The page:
Here's why the newspaper front pages for the Virginia shooting are so bad

Evan Bartlett@ev_bartlett
Thursday 27 August 2015 12:30
news

The murder of two journalists on a live television broadcast in the US was front-page news on both sides of the Atlantic on Thursday morning.

Footage of the incident had spread quickly online in its immediate aftermath on Wednesday afternoon, with a video from both the television station WDBJ7 itself and then one uploaded by shooter Vester Lee Flanagan, also known as Bryce Williams, being shared on social media.

Newspapers in the UK have been widely criticised for using distressing stills of the moment the shots were fired on their front pages.

Broadsheets and tabloids alike used images that showed the look of shock on Alison Parker's face as her disgruntled ex-colleague opened fire on her and cameraman Adam Ward, with the Sun even urging readers to "watch the chilling video" on its website.

In the US, the New York Daily News came in for particular criticism from both readers and fellow journalists for its use of three distressing stills from the gunman's video under the shock headline: "EXECUTED ON LIVE TV."

The Independent and its sister titles, the i paper and i100.co.uk have chosen not to publish the images, either in print or online.

The Guardian and Daily Express also chose to lead their front pages with dignified images of Parker and her cameraman Adam Ward when they were at work instead.

Local newspapers also shared more sombre front pages:

The Independent's deputy managing editor Will Gore explained:

How to cover such a horrible – and very public – crime raises difficult questions for the media. After numerous discussions in The Independent’s offices on Wednesday, the view was taken that we should avoid images and footage taken by Bryce Williams. Similarly, we did not show images which depicted Alison Parker’s face after the shooting began.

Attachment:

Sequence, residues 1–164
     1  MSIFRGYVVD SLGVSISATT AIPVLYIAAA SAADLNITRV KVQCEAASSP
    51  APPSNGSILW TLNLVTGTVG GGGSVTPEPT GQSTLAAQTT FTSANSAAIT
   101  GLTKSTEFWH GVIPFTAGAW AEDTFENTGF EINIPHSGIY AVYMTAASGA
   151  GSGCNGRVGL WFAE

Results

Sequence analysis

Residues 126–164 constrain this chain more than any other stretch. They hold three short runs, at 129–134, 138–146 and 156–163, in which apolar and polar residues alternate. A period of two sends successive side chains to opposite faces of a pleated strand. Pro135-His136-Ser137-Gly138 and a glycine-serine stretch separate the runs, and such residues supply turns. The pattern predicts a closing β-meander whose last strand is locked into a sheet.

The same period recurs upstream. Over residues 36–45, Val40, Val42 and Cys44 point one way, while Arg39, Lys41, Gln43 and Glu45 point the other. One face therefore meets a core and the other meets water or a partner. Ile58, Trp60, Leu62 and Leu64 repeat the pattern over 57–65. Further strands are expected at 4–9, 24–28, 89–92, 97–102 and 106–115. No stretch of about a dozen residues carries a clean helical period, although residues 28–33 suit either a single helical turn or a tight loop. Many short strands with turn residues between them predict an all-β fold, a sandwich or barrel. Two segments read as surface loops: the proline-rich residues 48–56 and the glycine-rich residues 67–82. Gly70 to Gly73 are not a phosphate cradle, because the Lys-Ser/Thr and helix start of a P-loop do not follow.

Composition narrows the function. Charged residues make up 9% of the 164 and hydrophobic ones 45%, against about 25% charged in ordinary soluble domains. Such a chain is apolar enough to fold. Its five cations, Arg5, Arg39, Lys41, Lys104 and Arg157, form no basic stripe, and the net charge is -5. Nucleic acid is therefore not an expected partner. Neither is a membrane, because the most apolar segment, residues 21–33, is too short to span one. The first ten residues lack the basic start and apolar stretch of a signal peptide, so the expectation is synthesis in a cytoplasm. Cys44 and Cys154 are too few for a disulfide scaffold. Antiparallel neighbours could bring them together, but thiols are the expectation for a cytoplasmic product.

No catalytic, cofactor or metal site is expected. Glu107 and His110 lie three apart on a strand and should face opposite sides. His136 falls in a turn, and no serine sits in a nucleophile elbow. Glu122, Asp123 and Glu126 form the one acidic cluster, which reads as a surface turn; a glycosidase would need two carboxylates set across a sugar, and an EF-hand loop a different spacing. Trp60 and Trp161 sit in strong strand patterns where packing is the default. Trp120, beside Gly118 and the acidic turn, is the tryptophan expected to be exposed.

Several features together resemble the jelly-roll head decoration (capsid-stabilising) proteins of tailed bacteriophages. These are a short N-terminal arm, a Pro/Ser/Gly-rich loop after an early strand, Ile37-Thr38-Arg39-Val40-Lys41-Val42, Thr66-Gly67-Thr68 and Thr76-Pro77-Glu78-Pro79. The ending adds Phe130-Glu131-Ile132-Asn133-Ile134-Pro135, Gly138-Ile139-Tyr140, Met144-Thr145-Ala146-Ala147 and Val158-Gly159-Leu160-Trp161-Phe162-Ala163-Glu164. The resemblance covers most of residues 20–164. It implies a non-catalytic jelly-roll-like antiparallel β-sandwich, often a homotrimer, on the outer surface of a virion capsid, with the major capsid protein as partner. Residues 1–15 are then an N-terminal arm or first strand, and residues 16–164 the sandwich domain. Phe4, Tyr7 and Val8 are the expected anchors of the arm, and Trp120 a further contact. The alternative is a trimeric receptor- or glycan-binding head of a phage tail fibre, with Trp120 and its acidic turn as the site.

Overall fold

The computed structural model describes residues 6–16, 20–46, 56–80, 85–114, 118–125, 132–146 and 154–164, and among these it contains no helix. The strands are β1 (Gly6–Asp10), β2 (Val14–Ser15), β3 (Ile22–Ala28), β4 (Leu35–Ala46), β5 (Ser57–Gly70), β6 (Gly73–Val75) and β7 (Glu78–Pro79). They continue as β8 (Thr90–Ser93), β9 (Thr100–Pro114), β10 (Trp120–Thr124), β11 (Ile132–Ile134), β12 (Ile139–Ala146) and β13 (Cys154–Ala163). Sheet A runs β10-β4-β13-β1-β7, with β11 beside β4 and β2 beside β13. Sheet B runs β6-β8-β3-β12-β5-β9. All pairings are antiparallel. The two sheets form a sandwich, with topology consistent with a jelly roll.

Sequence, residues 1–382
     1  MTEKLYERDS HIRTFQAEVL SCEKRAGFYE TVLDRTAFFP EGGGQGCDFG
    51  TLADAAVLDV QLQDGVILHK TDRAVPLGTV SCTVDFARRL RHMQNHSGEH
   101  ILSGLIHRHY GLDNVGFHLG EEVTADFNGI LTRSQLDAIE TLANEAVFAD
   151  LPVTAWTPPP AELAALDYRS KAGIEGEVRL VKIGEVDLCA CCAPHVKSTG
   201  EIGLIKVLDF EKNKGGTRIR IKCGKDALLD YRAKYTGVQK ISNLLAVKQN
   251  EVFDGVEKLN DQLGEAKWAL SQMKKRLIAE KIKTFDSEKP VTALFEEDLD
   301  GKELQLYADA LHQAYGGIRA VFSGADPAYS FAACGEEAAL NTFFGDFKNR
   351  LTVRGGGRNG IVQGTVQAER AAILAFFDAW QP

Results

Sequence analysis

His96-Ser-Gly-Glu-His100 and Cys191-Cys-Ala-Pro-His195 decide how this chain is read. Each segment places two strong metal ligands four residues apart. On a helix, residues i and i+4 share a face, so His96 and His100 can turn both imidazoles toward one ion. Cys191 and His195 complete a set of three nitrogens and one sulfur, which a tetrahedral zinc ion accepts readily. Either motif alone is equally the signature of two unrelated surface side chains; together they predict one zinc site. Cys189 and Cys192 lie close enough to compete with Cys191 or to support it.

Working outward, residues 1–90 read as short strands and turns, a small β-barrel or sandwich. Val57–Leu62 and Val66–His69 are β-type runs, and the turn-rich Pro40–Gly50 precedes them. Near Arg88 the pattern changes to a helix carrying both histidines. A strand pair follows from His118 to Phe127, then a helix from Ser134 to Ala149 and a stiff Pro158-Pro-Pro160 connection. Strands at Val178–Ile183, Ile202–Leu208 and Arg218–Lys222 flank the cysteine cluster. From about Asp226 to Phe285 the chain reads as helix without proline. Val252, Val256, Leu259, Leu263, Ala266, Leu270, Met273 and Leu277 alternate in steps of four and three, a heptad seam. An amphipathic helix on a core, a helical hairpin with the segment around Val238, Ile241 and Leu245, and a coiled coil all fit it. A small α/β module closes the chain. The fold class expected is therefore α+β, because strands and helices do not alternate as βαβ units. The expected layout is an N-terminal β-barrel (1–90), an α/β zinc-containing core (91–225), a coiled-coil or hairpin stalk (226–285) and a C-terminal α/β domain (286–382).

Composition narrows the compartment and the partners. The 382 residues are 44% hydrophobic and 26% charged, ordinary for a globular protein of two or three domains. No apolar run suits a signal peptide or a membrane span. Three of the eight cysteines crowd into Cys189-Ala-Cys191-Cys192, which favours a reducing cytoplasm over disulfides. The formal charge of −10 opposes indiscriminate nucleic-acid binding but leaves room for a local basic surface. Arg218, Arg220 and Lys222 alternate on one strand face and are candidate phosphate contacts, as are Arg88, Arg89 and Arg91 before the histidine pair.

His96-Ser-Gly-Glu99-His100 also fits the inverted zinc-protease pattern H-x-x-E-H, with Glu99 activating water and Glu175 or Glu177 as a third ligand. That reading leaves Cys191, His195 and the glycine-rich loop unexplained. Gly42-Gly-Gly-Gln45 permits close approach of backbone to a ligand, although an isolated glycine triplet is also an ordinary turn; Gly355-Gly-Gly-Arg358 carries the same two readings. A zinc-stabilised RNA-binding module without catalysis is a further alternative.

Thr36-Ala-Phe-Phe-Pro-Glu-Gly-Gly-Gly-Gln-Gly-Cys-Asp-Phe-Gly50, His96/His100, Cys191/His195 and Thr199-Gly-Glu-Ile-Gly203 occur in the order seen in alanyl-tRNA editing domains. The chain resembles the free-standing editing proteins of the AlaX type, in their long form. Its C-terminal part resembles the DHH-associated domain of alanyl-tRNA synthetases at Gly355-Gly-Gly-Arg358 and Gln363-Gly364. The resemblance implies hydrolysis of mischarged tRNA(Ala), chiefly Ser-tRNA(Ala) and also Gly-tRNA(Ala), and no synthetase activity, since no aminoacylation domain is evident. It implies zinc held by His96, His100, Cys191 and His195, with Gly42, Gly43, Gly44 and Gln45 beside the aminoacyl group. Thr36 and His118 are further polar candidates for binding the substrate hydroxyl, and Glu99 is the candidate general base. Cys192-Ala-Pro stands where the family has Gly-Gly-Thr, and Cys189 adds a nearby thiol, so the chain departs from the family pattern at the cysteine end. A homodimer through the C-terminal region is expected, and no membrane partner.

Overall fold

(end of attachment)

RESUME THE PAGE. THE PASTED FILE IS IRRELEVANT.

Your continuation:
It was a tough call, balancing the need to show a proper degree of compassion with the journalistic duty not to over-sanitise. I hope readers will feel, on the whole, that we got that balance about right.

Similarly, victims' support charities have condemned the use of stills from the video. Colin Murray Parkes, a retired psychiatrist and life president of Cruse Bereavement Care, told i100.co.uk:

That kind of imagery can be very evocative; it can make people particularly vulnerable and upset. The effects on close relatives and family is going to be greatest and likely to give rise to post traumatic stress disorder – a problem when people are facing horrific imagery which almost makes them re-live the event of the death again and again.

A lot depends on the way in which it is presented, but it will stay with people, it may even haunt them to a point where they find themselves unable to watch television or even to leave the house.

  • Colin Murray Parkes, Cruse Bereavement Care

Neil Moore, the chief executive of Petal Support - a charity which cares for those affected by murder and suicide - was particularly critical of the use of the shooter's video and called for internet providers to act swiftly to remove similar videos from their services in future. He told us:

The perpetrator of this pre-meditated and callous act has successfully manipulated the filming of the murder scene and this will inevitably have a shocking re-traumatising effect for the families of victims of these horrific murders for some time to come

We would also like to comment on the general need for improved awareness of the mental health issues reported within organisations and other agencies, which seemed to be lacking preceding this tragedy, and we hope that there will be lessons learned not just in Virginia today but also in other countries including the UK.

  • Neil Moore, Petal

More: Instead of disturbing video footage, here's how we should remember the two journalists shot on camera

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